The California State Legislature named Sacramento as the permanent home of the state capital in 1854 by law, but the city did not physically hold that honor until January 1, 1855. Previously, the capital was located in Monterey, San Jose, Vallejo, and Benicia successively.
Begun in 1860 to be reminiscent of the United States Capitol in Washington, DC, the Renaissance Revival style California State Capitol was completed in 1874. The legislative chambers were first occupied in 1869 while construction continued.
With its new status and strategic location, Sacramento quickly prospered and became the western end of the Pony Express, and later the First Transcontinental Railroad (which began construction in Sacramento in 1863 and was financed by "The Big Four" — Mark Hopkins, Charles Crocker, Collis P. Huntington, and Leland Stanford).
The same rivers that earlier brought death and destruction began to provide increasing levels of transportation and commerce. Both the American and especially Sacramento rivers would be key elements in the economic success of the city. In fact, Sacramento effectively controlled commerce on these rivers, and public works projects were funded though taxes levied on goods unloaded from boats and loaded onto rail cars in the historic Sacramento Rail Yards.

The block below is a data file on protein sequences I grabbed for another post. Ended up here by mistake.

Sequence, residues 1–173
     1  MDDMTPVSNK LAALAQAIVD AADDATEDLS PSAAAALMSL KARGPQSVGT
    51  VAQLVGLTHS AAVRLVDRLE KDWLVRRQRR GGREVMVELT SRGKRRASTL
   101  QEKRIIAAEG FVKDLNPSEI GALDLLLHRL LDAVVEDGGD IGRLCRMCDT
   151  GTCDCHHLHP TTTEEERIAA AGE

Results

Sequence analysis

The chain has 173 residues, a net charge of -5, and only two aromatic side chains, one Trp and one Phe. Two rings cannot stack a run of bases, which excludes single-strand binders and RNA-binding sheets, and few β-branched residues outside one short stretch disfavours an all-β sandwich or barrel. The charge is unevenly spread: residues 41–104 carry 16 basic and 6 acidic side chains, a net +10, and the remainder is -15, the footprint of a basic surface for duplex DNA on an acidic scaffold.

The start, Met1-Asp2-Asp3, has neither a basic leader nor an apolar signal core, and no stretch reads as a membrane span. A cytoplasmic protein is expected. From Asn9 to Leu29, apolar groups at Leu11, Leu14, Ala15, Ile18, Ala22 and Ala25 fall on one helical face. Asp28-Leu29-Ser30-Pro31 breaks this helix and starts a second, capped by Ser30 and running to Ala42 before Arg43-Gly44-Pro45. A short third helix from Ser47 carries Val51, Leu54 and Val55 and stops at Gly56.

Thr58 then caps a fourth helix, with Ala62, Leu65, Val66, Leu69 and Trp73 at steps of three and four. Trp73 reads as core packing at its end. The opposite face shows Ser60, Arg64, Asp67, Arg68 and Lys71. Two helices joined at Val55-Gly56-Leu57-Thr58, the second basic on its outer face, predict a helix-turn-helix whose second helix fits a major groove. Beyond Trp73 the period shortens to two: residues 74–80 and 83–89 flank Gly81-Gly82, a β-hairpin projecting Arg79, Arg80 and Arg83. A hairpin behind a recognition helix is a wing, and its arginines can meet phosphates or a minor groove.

Between the years of 1864 and 1877, Sacramentans raised the level of the city by a variety of means including landfill. The previous first floors of buildings became the basements and the previous streets became a series of underground tunnels. The purpose of raising the city was to reduce the risk of future flooding. Now both rivers are used extensively for recreation. The American River is a 5 mile-per-hour waterway for all power boats (including jet-ski and similar craft) (Source Sacramento County Parks & Recreation) and has become an international attraction for rafters and kayakers. The Sacramento River sees many boaters, who can make day trips to nearby sloughs or continue along the Delta to the Bay Area and San Francisco. The Delta King, a paddlewheel steamboat which for a long time lay on the bottom of the river, was refurbished and is now a hotel and restaurant.
The modern era
The Sacramento-Yolo Port District was created in 1947, and ground was broken on the Port of Sacramento in 1949. On June 29, 1963, with 5,000 spectators waiting to welcome her, the Motor Vessel Taipei Victory arrived. The port was open for business. The Nationalist Chinese flag ship, freshly painted for the historic event, was loaded with 5,000 tons of bagged rice for Mitsui Trading Co. bound for Okinawa and 1,000 tons of logs for Japan. She was the first ocean-going vessel in Sacramento since the steamship Harpoon in 1934.